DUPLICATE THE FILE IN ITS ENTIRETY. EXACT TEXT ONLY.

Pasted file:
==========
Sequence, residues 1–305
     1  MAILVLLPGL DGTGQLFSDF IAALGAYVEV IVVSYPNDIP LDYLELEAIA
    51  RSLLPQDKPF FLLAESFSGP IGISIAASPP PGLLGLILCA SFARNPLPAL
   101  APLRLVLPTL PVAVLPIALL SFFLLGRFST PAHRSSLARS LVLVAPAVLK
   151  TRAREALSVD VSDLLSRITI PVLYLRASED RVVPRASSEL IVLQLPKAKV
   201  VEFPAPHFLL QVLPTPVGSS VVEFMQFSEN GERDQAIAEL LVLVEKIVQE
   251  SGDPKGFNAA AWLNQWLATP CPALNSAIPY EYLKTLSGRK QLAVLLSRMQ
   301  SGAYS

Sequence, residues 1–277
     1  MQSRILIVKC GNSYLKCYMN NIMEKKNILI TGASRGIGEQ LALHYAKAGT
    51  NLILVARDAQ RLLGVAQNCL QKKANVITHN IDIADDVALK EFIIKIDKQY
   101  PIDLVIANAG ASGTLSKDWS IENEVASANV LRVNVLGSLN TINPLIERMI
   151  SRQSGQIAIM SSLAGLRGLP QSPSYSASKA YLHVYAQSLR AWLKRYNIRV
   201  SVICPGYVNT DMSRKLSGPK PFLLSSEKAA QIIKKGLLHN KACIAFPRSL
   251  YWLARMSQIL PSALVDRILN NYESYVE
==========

Sequence, residues 1–305
     1  MAILVLLPGL DGTGQLFSDF IAALGAYVEV IVVSYPNDIP LDYLELEAIA
    51  RSLLPQDKPF FLLAESFSGP IGISIAASPP PGLLGLILCA SFARNPLPAL
   101  APLRLVLPTL PVAVLPIALL SFFLLGRFST PAHRSSLARS LVLVAPAVLK
   151  TRAREALSVD VSDLLSRITI PVLYLRASED RVVPRASSEL IVLQLPKAKV
   201  VEFPAPHFLL QVLPTPVGSS VVEFMQFSEN GERDQAIAEL LVLVEKIVQE
   251  SGDPKGFNAA AWLNQWLATP CPALNSAIPY EYLKTLSGRK QLAVLLSRMQ
   301  SGAYS

Sequence, residues 1–277
     1  MQSRILIVKC GNSYLKCYMN NIMEKKNILI TGASRGIGEQ LALHYAKAGT
    51  NLILVARDAQ RLLGVAQNCL QKKANVITHN IDIADDVALK EFIIKIDKQY
   101  PIDLVIANAG ASGTLSKDWS IENEVASANV LRVNVLGSLN TINPLIERMI
   151  SRQSGQIAIM SSLAGLRGLP QSPSYSASKA YLHVYAQSLR AWLKRYNIRV
   201  SVICPGYVNT DMSRKLSGPK PFLLSSEKAA QIIKKGLLHN KACIAFPRSL
   251  YWLARMSQIL PSALVDRILN NYESYVE